April 2, 2007

I was gratified to read the comments of both Li He and Stephen Sherman on the wide variety of patrons served by university libraries and how they should be considered. I’m frustrated by the idea, espoused by some, that user education is a dead end and should be simply avoided. But at the presentation on controlled vocabularies today, it was good to hear the idea stated that while these are perhaps most useful to experts, novices can benefit because they *learn* something about the domain and how it is structured. I would say that we should continue to educate our users in the different ways to accomplish the tasks with which they are faced. Throwing out what worked quite well last year just because there’s a hot new approach isn’t always productive. I would propose that there are hidden possibilities in the old ways which are often overlooked in the quest for the latest.

Having read and talked much of late about the Net Generation – “screenagers” is another term I recently heard that had a particular ring to it – I find that it is often cast as divisive. The constant focus is defining a group based on differences, despite some anecdotal evidence that there are still many things that are not universal to all people born 1982-1991. Some people don’t like group work – no matter what generation. Collaborative work is not something that “these kids today” invented. I suspect that a lot of the defining is done from outside the group as well. Does “accommodating” a particular group of patrons simply create a self-fulfilling prophecy? How are our various user groups the *same*? Have there been developments in the old way of doing things which can benefit all that should be considered? I’m not saying that we shouldn’t investigate such accommodations, but rather that there are other issues to be considered.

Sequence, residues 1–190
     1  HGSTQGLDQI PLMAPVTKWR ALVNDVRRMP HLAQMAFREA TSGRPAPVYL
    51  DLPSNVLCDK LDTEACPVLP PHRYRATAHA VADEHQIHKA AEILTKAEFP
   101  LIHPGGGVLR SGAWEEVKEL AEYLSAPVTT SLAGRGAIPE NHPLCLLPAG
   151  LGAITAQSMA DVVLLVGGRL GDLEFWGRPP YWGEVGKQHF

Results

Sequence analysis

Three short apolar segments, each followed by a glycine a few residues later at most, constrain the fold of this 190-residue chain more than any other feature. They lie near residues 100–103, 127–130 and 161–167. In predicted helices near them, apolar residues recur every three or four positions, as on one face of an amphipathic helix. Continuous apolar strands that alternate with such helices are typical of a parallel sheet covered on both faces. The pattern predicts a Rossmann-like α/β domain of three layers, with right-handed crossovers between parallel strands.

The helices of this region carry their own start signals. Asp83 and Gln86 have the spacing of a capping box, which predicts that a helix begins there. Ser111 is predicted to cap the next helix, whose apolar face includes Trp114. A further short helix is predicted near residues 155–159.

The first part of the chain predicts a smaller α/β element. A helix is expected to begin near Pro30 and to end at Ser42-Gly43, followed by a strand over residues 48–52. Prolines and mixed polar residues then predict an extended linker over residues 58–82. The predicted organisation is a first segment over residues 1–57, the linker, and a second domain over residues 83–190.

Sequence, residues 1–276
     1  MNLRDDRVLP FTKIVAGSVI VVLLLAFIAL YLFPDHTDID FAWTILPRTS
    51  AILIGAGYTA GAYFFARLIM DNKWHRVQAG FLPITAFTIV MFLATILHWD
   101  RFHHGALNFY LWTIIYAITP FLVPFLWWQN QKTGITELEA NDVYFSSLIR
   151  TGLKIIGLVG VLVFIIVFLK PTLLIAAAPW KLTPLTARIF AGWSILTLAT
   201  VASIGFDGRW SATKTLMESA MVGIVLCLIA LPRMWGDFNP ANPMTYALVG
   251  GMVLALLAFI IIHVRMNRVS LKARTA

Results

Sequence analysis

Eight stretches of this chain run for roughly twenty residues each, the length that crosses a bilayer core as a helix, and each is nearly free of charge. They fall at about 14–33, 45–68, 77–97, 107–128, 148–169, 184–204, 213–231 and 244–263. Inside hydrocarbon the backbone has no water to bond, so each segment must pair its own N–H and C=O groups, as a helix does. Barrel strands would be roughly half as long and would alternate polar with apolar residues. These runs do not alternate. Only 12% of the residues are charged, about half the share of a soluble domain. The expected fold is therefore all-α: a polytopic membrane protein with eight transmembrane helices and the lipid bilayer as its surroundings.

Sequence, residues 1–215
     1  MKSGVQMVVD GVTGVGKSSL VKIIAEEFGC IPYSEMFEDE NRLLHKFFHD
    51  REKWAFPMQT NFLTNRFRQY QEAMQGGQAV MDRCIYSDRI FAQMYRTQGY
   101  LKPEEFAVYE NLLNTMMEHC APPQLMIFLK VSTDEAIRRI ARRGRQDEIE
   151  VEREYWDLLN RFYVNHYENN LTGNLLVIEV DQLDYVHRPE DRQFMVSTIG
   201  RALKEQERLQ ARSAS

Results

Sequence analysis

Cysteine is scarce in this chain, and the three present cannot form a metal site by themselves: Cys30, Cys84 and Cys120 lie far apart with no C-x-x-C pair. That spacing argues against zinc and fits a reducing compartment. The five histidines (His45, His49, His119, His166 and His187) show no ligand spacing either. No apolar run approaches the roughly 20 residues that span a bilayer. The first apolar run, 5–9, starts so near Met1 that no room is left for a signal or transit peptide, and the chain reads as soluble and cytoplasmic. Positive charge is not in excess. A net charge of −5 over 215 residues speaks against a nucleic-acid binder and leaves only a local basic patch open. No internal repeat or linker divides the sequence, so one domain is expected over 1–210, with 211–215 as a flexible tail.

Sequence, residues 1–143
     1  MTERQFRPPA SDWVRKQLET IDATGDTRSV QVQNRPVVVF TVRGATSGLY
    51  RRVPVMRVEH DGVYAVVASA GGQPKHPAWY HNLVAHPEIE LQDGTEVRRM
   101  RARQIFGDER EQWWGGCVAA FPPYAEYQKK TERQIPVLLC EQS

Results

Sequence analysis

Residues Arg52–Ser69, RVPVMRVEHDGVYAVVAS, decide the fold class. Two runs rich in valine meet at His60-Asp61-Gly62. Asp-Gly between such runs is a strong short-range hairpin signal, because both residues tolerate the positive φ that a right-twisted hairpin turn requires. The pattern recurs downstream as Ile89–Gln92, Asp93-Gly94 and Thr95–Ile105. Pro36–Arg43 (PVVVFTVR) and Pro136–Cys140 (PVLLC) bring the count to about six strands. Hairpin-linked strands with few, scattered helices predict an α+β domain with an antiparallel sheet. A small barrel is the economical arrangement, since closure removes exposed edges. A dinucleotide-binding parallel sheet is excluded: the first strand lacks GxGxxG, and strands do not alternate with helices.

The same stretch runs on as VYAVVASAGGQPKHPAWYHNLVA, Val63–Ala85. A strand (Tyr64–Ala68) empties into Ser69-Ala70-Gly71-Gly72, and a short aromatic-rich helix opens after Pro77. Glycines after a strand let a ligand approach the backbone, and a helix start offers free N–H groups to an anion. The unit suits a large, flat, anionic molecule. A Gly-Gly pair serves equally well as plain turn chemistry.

In the wide world, not every employee is from the same age group. How often are Net Gen students asked to collaborate outside of their peer group? If not so much, does this simply reinforce the differences? If all your friends are slackers, how will you ever rise above them? One of the best courses I have had here at SILS was team taught by two instructors from different ages/backgrounds. I feel that we need more of a sharing of methods between groups. Amazingly enough, “them old folks” managed to accomplish quite a bit back in the day, and you might recall that quote about Twain and his father. Are Net Gen students developing an appreciation for this accomplishment and the ways it was done or is it viewed with the same snickering and rolling of eyes that they give Uncle Abner’s tales of when you could buy a good suit for a nickel after watching a newsreel, a cartoon, and a double feature? In 1970, Buckminster Fuller claimed an ancient pyramid contained the following inscription: “Our civilization is going to ruin, the young spend all day in the pub and have no respect for their elders.” Isn’t generational rebellion inherent and, if so, how can we find ways to learn from each other? Or should we simply let the rebellion run its course and eventually the wiser Net Gen kids will realize there’s more to the world than they had assumed?

Michael Fitzgerald

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